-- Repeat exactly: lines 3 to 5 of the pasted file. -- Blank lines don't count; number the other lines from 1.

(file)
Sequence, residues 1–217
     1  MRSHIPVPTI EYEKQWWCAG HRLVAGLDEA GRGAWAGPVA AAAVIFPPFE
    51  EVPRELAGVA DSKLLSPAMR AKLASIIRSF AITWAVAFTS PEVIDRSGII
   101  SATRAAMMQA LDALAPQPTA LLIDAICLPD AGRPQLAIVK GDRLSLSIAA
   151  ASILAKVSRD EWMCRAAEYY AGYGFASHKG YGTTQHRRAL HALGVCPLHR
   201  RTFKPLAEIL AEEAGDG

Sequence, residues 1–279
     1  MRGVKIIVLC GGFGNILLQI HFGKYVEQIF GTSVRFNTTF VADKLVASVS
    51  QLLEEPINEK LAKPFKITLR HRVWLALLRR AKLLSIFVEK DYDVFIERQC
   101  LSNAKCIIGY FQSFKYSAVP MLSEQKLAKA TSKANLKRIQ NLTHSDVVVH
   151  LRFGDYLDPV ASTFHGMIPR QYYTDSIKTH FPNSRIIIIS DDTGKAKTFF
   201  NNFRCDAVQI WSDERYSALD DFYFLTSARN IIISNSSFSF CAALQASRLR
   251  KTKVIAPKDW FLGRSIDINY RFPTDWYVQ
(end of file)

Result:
    51  EVPRELAGVA DSKLLSPAMR AKLASIIRSF AITWAVAFTS PEVIDRSGII
   101  SATRAAMMQA LDALAPQPTA LLIDAICLPD AGRPQLAIVK GDRLSLSIAA
   151  ASILAKVSRD EWMCRAAEYY AGYGFASHKG YGTTQHRRAL HALGVCPLHR